“We’re not joiners,” she says. “I want to make things happen.” When the couple relocated to Palm Springs from Minneapolis in 2010, they “decided not to serve on any boards. As a result, we’re free range. We can go everywhere and look at everything. That’s how we decided to run our lives here. If we see it’s missing, we do it. We decided we want to do more art, be more creative, and be very involved in giving back to our community.”
After hosting the monthly Salon for the Parched with designer Kurt Cyr, the Hovels created Makerville, a creative space in a former Elks summer camping lodge in Pinyon Pines, about 20 minutes from Palm Desert.
“We decided we want to do more art, be more creative, and be very involved in giving back to our community.”
“One winter, we happened across a woman named Carol Sauvion, who started Craft in America, the TV series. And we started to think about artist communities. The maker movement is what’s driving us now. It’s about humans’ need to directly affect things around them in an authentic way,” she explains. “We live in a small town, and we like to know the names of the people in the stores. Wherever we go, it’s human-scaled and makes us feel at home and happy. We don’t crave anonymity. We crave feeling at home in our environment and feeling like it’s in perfect scale to the way we want to live our lives.”
While participating as a Desert X Parallel Project, Makerville also created Mod With a Twist fundraising events at Modernism Week. That sparked the virtual nonprofit Palm Springs Center for Creativity “to make our community a better place by enabling us to deal with the future by means of education and the arts and futurism,” including the legacy audio and video project.
Next is ND2KNW in February 2020. The Hovels, who attend TED and World Future Society events, want to bring thought exploration to the Coachella Valley. “We want Palm Springs to be a vital, creative city, attract a creative workforce, and expand the community in such a way that it becomes an even more cosmopolitan city.”
ORALIA “YAYA” ORTIZ
It began with a mural. Back in 2007, Oralia “Yaya” Ortiz and six friends began a conversation about the lack of public art and places for youth to gather in Coachella. They pitched a plan to the city to add a mural created by local artists, kicking off the project in 2009 with a festival at the adjacent Dateland Park.
“Each artist created a mural panel that depicted Chicano and Mexican culture,” Ortiz says, “and these artists had never painted a mural.” Thus, Culturas Music & Arts was born, and Ortiz has since been nurturing its growth. Her goal is to connect Coachella with the rest of the valley: “I want people to see ours as a community with a lot of culture and hardworking people,” she says. “We’re trying to change its image through the arts.”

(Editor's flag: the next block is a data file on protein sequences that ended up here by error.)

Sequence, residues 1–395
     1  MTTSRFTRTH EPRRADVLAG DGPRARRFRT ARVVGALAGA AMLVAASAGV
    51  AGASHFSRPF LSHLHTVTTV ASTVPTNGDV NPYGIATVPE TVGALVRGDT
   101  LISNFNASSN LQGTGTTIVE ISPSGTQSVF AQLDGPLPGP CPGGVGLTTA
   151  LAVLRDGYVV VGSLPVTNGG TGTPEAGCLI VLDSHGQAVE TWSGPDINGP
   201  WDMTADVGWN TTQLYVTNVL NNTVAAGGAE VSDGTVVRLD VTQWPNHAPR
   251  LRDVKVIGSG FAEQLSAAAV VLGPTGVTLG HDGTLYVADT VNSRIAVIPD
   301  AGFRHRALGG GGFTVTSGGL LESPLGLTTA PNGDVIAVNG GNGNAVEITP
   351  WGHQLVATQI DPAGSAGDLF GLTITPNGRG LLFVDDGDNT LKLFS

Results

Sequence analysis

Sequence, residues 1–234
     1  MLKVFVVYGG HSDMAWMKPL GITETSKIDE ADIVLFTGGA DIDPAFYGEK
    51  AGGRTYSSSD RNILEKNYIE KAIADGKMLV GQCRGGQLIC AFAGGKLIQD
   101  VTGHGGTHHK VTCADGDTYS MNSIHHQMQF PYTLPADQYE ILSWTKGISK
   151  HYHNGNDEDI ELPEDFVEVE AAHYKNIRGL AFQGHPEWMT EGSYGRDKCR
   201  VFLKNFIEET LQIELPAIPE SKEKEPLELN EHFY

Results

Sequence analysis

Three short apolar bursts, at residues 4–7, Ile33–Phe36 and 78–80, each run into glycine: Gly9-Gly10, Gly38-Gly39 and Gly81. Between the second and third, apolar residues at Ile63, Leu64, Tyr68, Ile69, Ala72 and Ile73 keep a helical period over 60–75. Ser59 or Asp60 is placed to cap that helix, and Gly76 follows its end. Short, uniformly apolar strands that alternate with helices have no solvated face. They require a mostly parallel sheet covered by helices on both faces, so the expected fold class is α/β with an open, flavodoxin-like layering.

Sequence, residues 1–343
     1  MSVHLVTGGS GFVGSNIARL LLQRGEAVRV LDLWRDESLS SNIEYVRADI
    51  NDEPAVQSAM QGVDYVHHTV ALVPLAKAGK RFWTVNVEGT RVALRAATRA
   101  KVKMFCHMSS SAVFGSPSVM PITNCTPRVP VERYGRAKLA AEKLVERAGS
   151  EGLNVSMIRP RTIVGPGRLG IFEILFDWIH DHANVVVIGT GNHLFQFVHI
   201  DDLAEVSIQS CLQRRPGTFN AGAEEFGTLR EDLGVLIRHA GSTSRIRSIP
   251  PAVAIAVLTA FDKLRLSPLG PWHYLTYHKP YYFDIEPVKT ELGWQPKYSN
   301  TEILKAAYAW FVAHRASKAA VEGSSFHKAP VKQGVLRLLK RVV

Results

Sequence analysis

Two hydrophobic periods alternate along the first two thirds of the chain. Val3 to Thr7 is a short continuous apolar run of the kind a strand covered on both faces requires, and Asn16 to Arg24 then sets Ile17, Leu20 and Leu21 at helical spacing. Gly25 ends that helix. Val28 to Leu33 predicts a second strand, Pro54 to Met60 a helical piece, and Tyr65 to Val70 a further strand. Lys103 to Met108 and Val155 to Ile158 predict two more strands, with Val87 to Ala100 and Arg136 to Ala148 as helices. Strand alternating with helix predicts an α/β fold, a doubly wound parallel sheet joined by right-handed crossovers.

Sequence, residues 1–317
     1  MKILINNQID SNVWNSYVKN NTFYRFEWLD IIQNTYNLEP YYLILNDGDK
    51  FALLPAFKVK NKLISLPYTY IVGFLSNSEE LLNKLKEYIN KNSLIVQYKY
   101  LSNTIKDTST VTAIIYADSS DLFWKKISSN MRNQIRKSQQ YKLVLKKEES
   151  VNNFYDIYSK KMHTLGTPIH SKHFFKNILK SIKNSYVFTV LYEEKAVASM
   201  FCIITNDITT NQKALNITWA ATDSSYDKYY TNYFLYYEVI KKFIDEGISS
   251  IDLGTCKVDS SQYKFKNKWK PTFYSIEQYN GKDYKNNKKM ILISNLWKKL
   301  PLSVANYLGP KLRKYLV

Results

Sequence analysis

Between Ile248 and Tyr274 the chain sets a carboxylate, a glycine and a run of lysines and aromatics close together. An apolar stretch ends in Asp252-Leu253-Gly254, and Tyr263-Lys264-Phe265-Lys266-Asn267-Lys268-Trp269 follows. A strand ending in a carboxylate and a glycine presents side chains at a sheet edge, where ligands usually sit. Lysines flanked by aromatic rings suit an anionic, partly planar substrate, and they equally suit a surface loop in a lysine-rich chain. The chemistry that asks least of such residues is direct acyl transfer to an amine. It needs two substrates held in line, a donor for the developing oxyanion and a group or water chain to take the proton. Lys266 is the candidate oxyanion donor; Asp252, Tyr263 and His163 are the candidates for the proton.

Ortiz, who works full time at Shelter From the Storm, also helped create the Synergy Music and Arts Festival to promote underground, graffiti, and hip-hop artists.
“We wanted other nonprofits and all of the communities to come together, bridge gaps, and show everyone around the Coachella Valley who we really are,” she explains. “This is our eighth year, and it’s growing. We want to give back, we want to invite other artists, and we want exposure. We also want children to be part of it.”
In addition to Culturas Music & Arts, Ortiz helps organize the annual Women Rising event, which also supports local artists and activists.
Culturas’ team of 10 makes its headquarters at Ruben’s Ranch, owned by Ortiz’s partner and one of the nonprofit’s co-founders, Ruben Gonzalez. “We’re a small group, but we’re a strong group. The people in our organization are passionate and very caring,” she says. “We’re open to everyone’s ideas.”
Ortiz grew up in Coachella and dedicates herself to making a difference there. (Coachella’s Centro Martin Ortiz is named for her father, a community activist who saved the former church from demolishment.)
“I’m not an artist per se, but I believe music and art are essential in everyone’s life,” she explains. “Everyone should give back to the community, and anyone can.”
Her next goal is to build a cultural arts center for at-risk youth, modeled on Father Greg Boyle’s Homeboy Industries in Los Angeles, which offers career training for former incarcerees. “These kids don’t have a voice and don’t have any kind of support at home,” she says. “We want to teach them to create, sell, and make money. Nobody’s addressing those needs in that population.
“We want to run our program like [Boyle’s] but with art, media, storytelling, drama, and theater. As much as we want all of our kids to go to college, not everyone’s going to go. So we want to give them those skills.”
• READ NEXT: What else is happening in Palm Springs and the desert.